cholinergic agents nursing implications30
Cholinergic Agents: Nursing Implications

Monitor for side effects, including:

Increased respiratory Abdominal crampingsecretions

Bronchospasms Dysrhythmias

Difficulty breathing Hypotension

Nausea and vomiting Bradycardia

Diarrhea Increased sweating

Increase in frequency andurgency of voiding patterns

cholinergic agents nursing implications31
Cholinergic Agents: Nursing Implications

Monitor for therapeutic effects:

  • Alleviated signs and symptoms of myasthenia gravis
  • In postoperative patients with decreased GI peristalsis, look for:
    • Increased bowel sounds
    • Passage of flatus
    • Occurrence of bowel movements
  • In patients with urinary retention/hypotonic bladder, urination should occur within 60 minutes of bethanecol administration
cholinergic blocking agents
Cholinergic Blocking Agents
  • Drugs that block or inhibit the actions of acetylcholine (ACh) in the parasympathetic nervous system (PSNS)
cholinergic blocking agents mechanism of action
Cholinergic Blocking Agents: Mechanism of Action
  • Competitive antagonists
  • Compete with ACh
  • Block ACh at the muscarinic receptors in the PSNS
    • As a result, ACh is unable to bind to thereceptor site and cause a cholinergic effect.
cholinergic blocking agents mechanism of action34
Cholinergic Blocking Agents: Mechanism of Action
  • Once these drugs bind to receptors, they inhibit nerve transmission at these receptors.
cholinergic blocking agents chemical class
Cholinergic Blocking Agents: Chemical Class

Natural Synthetic/Semisynthetic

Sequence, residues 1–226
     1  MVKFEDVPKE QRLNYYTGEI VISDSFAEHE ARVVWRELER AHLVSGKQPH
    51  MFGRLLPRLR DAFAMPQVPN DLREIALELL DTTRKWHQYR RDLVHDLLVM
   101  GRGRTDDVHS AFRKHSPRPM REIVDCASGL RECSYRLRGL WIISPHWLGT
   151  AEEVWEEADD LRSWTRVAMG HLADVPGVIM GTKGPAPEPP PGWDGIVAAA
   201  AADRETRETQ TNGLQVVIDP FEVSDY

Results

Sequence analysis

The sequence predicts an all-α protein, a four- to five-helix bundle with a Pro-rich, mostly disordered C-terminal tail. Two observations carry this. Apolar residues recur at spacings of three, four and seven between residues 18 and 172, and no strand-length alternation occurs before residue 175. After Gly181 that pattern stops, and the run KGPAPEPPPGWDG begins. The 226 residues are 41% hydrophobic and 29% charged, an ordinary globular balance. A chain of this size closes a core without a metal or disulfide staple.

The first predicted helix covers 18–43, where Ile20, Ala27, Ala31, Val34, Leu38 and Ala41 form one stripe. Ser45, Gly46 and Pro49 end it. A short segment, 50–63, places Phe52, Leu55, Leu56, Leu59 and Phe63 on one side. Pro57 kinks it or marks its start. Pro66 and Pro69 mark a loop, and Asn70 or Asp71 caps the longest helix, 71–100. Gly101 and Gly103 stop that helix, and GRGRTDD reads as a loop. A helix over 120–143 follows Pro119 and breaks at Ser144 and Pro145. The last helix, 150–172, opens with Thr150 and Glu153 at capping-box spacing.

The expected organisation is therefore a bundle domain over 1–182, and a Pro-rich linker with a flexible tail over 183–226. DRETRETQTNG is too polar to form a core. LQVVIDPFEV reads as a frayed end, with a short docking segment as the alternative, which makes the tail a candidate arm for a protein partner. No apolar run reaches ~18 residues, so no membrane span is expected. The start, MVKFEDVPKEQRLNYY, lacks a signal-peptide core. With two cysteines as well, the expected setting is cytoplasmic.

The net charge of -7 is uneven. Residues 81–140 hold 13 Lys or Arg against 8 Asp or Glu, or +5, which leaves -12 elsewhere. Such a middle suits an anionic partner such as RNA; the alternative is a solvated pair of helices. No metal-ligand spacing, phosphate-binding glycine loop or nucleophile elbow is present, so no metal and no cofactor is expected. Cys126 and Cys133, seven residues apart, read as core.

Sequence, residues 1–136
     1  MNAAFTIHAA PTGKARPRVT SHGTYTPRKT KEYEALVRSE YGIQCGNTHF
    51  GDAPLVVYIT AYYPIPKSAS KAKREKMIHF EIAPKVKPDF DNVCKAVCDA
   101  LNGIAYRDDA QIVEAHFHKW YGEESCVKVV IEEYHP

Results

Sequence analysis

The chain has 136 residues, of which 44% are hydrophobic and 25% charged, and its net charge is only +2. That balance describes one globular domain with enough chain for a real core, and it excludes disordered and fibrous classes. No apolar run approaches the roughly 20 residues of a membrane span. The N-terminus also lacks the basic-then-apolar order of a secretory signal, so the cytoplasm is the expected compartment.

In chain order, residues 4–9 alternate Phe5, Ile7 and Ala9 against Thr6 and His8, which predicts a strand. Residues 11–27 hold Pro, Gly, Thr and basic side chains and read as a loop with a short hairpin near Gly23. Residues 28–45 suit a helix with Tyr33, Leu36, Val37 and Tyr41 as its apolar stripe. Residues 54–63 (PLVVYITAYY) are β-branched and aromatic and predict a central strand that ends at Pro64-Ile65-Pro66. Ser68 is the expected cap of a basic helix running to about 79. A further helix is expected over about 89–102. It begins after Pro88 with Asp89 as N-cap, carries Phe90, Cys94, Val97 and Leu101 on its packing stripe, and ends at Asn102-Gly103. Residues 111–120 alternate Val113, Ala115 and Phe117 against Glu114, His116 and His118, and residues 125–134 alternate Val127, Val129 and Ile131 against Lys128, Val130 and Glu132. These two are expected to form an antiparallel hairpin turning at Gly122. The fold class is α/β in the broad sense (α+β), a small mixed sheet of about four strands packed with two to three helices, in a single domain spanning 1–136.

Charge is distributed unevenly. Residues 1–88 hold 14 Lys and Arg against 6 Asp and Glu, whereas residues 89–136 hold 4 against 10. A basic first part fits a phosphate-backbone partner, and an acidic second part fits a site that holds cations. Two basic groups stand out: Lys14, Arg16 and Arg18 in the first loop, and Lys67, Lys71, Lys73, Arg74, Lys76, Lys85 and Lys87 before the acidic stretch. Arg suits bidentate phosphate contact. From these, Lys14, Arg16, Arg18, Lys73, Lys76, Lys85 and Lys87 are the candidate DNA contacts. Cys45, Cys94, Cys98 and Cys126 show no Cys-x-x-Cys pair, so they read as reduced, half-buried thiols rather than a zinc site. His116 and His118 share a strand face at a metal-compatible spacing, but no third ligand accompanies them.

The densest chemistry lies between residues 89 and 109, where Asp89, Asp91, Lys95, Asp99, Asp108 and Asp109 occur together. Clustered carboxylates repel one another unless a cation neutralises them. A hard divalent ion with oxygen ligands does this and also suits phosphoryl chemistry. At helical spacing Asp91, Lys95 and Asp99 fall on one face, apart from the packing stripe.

atropine anisotropine clidinium

belladonna dicyclomine glycopyrrolate

hyoscyamine hexocyclium homatropine

scopolamine ipratropium isopropamide

oxybutynin propantheline

tolterodine tridihexethyl

drug effects of cholinergic blocking agents
Drug Effects of Cholinergic Blocking Agents
  • Cardiovascular
    • Small doses: decrease heart rate
    • Large doses: increase heart rate
  • CNS
    • Small doses: decrease muscle rigidity and tremors
    • Large doses: drowsiness, disorientation, hallucinations
drug effects of cholinergic blocking agents38
Drug Effects of Cholinergic Blocking Agents
  • Eye
    • Dilated pupils (mydriasis)
    • Decreased accommodation due to paralysis of ciliary muscles (cycloplegia)
  • Gastrointestinal
    • Relax smooth muscle tone of GI tract
    • Decrease intestinal and gastric secretions
    • Decrease motility and peristalsis
drug effects of cholinergic blocking agents39
Drug Effects of Cholinergic Blocking Agents
  • Genitourinary
    • Relaxed detrusor muscle
    • Increased constriction of internal sphincter
    • Result: urinary retention
  • Glandular
    • Decreased bronchial secretions, salivation, sweating
  • Respiratory
    • Decreased bronchial secretions
    • Dilated bronchial airways
cholinergic blocking agents therapeutic uses